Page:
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YouTube executive says ‘multi-view’ feature well-received

Cable-like YouTube TV still doesn't allow users to choose their own multi-view feeds.

Cable-like YouTube TV still doesn't allow users to choose their own multi-view feeds.

The new YouTube TV multi-view feature allows streamers to watch multiple sports or news channels from a single screen. (Graphic by The Desk)
The new YouTube TV multi-view feature allows streamers to watch multiple sports or news channels from a single screen. (Graphic by The Desk)

The chief business executive at YouTube says a multi-view feature that rolled out on YouTube TV and YouTube Primetime Channels has been well-received by users, even though sports fans still can’t customize those multi-view streams.

In an interview with trade publication Deadline this week, YouTube Chief Business Officer Mary Ellen Coe said the multi-view feature combined with YouTube’s low latency and reliability — particularly during games streamed through NFL Sunday Ticket, which is exclusive to the service this year — “has been the biggest hit ever” in terms of customer satisfaction and engagement.

“In terms of subscriber momentum, it’s exceeding our expectations,” Coe said. “So, we feel great about the subscriber trajectory.”

Multi-view, in particular, has added value to the NFL Sunday Ticket package and other sports programming offered through YouTube TV and YouTube Primetime Channels. Unlike some streaming competitors, YouTube TV and YouTube Primetime Channels doesn’t allow users to customize which games they want to view on a single screen; instead, YouTube pre-selects games that are offered through various different multi-view options.

The reason why YouTube has taken this approach is simple: Allowing users to customize which games they want to watch on a single screen is “a very hard thing to do, technically,” Coe affirmed. Only one other streaming service — Fubo — offers a comparable feature, and it is relegated to users of Apple TV devices, which have the internal hardware that makes viewing multiple streams of content possible.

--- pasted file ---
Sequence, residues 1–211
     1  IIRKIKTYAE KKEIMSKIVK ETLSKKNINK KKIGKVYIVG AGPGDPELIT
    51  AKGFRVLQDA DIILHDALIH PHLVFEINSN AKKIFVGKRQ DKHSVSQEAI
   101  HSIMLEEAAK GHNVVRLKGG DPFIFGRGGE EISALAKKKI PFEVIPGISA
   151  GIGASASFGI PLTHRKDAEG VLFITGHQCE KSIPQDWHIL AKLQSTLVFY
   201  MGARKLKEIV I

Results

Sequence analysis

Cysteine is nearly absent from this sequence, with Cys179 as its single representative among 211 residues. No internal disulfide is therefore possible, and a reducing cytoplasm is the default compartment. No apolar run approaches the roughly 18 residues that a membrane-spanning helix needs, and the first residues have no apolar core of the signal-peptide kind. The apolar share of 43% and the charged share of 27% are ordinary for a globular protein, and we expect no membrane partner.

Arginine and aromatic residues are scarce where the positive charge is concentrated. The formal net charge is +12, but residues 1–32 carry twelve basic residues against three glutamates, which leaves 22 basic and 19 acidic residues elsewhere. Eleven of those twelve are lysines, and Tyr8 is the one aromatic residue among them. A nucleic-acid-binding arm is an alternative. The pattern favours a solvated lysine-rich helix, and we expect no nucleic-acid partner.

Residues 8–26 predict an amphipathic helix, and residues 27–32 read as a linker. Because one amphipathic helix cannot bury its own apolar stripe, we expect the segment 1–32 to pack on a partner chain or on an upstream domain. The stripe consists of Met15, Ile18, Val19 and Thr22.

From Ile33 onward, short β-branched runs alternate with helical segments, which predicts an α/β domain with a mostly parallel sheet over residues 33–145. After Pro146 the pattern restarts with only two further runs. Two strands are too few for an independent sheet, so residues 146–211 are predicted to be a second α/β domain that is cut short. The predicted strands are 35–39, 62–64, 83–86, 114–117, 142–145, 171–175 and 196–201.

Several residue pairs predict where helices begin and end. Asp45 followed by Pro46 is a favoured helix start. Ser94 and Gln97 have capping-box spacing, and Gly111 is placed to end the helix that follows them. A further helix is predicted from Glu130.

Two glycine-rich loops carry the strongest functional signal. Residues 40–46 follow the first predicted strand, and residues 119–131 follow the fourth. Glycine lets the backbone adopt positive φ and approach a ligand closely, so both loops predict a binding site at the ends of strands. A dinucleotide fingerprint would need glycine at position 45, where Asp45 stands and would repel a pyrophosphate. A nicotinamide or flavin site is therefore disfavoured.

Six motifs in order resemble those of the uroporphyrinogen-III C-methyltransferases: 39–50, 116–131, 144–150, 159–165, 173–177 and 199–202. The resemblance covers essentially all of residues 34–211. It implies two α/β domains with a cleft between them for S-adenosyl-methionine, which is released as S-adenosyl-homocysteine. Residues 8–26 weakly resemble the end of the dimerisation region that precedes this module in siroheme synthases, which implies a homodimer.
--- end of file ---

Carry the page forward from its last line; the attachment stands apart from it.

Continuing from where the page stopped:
Rather than limit the multi-view feature along the same lines, YouTube TV and YouTube Primetime Channels offers a handful of multi-view feeds that are pre-curated with games that the service thinks most users will want to watch at once. YouTube hasn’t revealed how it determines which games will be offered together through multi-view, but Coe says users seem pretty satisfied with the options that are presented each Sunday.

Coe left open the possibility that, as hardware and streaming technologies improve, YouTube TV and YouTube Primetime Channels might soon offer customizable multi-view options in the future.

“The feedback is, we hear you loud and clear,” Coe said. “We have a seven-year relationship and will be looking to innovate in the future…(and) one thing that we’re doing to address that is, we have a lot of insights on the game combinations and what match-ups fans are interested in. So, we can use those insights.”

Coe said interest in NFL Sunday Ticket has risen thanks in part to various promotional partnerships with other companies like Verizon and Comcast’s Xfinity, which have offered free or discounted access to the Sunday morning and afternoon out-of-market football package.

The end result is that NFL Sunday Ticket interest has “exceeded expectations,” executives at YouTube say, though definitive subscriber numbers have not been released.

This is the first year that NFL Sunday Ticket has been offered via a streaming service, with YouTube parent company Alphabet shelling out around $1 billion per year over the course of seven years. Previously, the NFL Sunday Ticket package was exclusive to satellite TV provider DirecTV.

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About the Author:

Matthew Keys

Matthew Keys is a nationally-recognized, award-winning journalist who has covered the business of media, technology, radio and television for more than 11 years. He is the publisher of The Desk and contributes to Know Techie, Digital Content Next and StreamTV Insider. He previously worked for Thomson Reuters, the Walt Disney Company, McNaughton Newspapers and Tribune Broadcasting.
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